Tuesday, October 19, 2010

Everything You Ever Wanted to Know About a German "Kindergarten" (In the Country)

Kids really are like silly putty (remember that stuff? Does it still exist?). They adapt so darned quickly to any given environment.

In the Netherlands our little ones spoke Dutch and proudly wore their little wooden clogs (on occasion). In Dubai, they inquired about certain words in Arabic, the tiny carpets seen in certain corners of some shopping centers, and the practice of praying to mecca. But here in Germany, they're adapting SO quickly, that I find myself learning from then, singing songs like, "Was müssen das für Bäume sein, wo - die - GROße Elefanten spazieren gehen, ohne sich zu Stooooßen" (or in English, "What kind of trees must they be, where the BIII-IIIG elephants go wa-al-king, without bumping intoooo eachother"... sure sounds cuter in German!).

Alex loves to sing Lukas' songs, but doesn't know all the words. This morning he sang his version of Lukas' Elefant song, "La-la-la-la la-la-la-la? la-la-la-la, la-la-la-la la-la-la-la, la-la-la ZU STOSSEN!" And yesterday Alexander (whose language seems to be coming a bit slower than his older brother's at that age), sang another song, emphasizing the word "wunderschön" -- a fairly long word to hear coming out of a two year old's mouth.

And I'm finally happy with our Kindergarten (kindly translated by Lukas just a few weeks back into "Children's Garden" for his American Granny's sake), which is huge! A half year ago, I was worried about the quality of learning provided to the children here in our tiny village (which I thought was virtually non-existent). Meanwhile, Lukas has begun coloring inside of the lines (or at least attempting to), singing new songs ever week (which he really retains, and loves to share with us!), and will occasionally even correct my German.

Plus, the "field trips" are great. Seriously! What fun it is to be a kid in this village, with things like:
  • A couple weeks back we went to the other side of the village for a huge potato fire. This was done on a field where most of the potatoes had already been harvested. The kids were instructed to pick up the remaining potatoes, throw them in a bonfire, wait for the fire to go out (while waiting they sang a few songs), and let the potatoes cool, with the big payoff being the lunch-time potato feast.
  • Then there was the Thanksgiving outing to the Catholic church. The kids trecked through the town (a 5 minute walk) to the Catholic church. Once inside they inspected the cute little Thanksgiving displays (a "rainbow" of fresh vegetables placed at the altar... which brought to mind pre-Christian and Eastern religions involving sacrifice), talked about how important God was to the harvests (ehem, no seperation of church and state here - I imagine this is slightly awkward for the two-or-so muslim children in the Kindergarten), and sang a song about God and the harvest. Back at school they took the little baskets full of fresh fruits and veggies (prepared lovingly by Mama & Papa - preferrably with fruits and veggies from one's own garden) and played games, danced, and sang for the remainder of the morning. Still not impressed? They took turns chopping the veggies the following day (even the toddlers!), making a delicious soup for all to enjoy. The kids were delighted with themselves!
  • And, most recently, they headed from the Kindergarten down to the end of our street, where they got to learn all about horses. Our neighbor, the horse owner, explained the nuances of horse body-language, what they eat, what they pooh, and how they age. Of course, all of this was followed by songs and horse-play (literally, they role-played horses!) in the fields behind the horses.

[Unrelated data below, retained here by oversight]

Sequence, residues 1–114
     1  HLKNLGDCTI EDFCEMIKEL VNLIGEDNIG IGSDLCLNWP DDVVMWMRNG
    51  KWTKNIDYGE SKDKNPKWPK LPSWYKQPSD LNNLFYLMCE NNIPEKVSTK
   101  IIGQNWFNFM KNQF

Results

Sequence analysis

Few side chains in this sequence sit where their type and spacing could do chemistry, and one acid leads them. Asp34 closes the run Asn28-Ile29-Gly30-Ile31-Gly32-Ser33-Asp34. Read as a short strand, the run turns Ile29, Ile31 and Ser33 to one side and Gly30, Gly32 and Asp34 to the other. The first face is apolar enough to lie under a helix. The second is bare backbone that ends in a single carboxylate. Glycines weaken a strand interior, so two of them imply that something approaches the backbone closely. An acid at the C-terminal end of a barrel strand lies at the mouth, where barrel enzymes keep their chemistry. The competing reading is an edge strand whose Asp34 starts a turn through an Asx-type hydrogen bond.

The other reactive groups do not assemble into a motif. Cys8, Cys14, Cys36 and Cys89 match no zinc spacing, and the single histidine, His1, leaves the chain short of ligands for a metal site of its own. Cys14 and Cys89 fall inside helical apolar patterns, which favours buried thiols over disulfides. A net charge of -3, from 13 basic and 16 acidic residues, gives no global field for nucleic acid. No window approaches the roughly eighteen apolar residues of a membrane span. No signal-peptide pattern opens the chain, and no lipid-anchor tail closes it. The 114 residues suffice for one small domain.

So, needless to say, it's quite alright. Okay, it's more than alright! This winter they'll be participating in a St. Martin lamp procession, going sledding, and more. And in the meantime, I've been nominated to the Parent's Board (or "Elternbeirat"). I didn't write my name on the list (thinking I may just watch and focus on getting adjusted this year), but I ended up getting the most votes (what a surprise, the foreigner with the imperfect German!), and am more than happy to help out.

And as for learning, well, I asked Lukas to color on the inside pages of a couple photo albums that we recently created. Surprised at how well he suddenly seemed to be coloring, I complimented him. His response was in German, and he said something to the effect of, "Ja Mama, ich strenge mich jetzt an beim malen! Vorher habe ich mich halt nicht angestrengt, aber jetzt weiss ich dass ich mich ein bisschen anstrengen müß!" -- Rough translation: "Well Mom, I'm concentrating now! Before I didn't, but now I know that I have to apply myself!" How cute is that?!?

I'm just so proud of them, and I know that Tobi must feel the same. There are still plenty of fights throughout the day, but they're also so affectionate towards one another. There's always a kiss and a hug involved if one of them has to go somewhere. And, last night, Lukas smothered his little brother with kisses at bathtime (which is significant when you consider that this is the time of day when they usually end up inciting eachother to splash, fight, hit, and cry). Alexander's reaction? He feigned disgust, "trying" wildly to keep Lukas at arms' length, his sternest face giving way to laughter.

Yes, being in one place and finally having Papa back really seems to be helping the kids. There's more one-on-one parent time for each child, and they finally know what to expect each day. Life has become predictable for our little nomads. Staying put may be challenging for Mama, but if it's good for them, I'll find a way to make it work for me. Because, at the end of each day I have the same recurring thought, they're so worth it.

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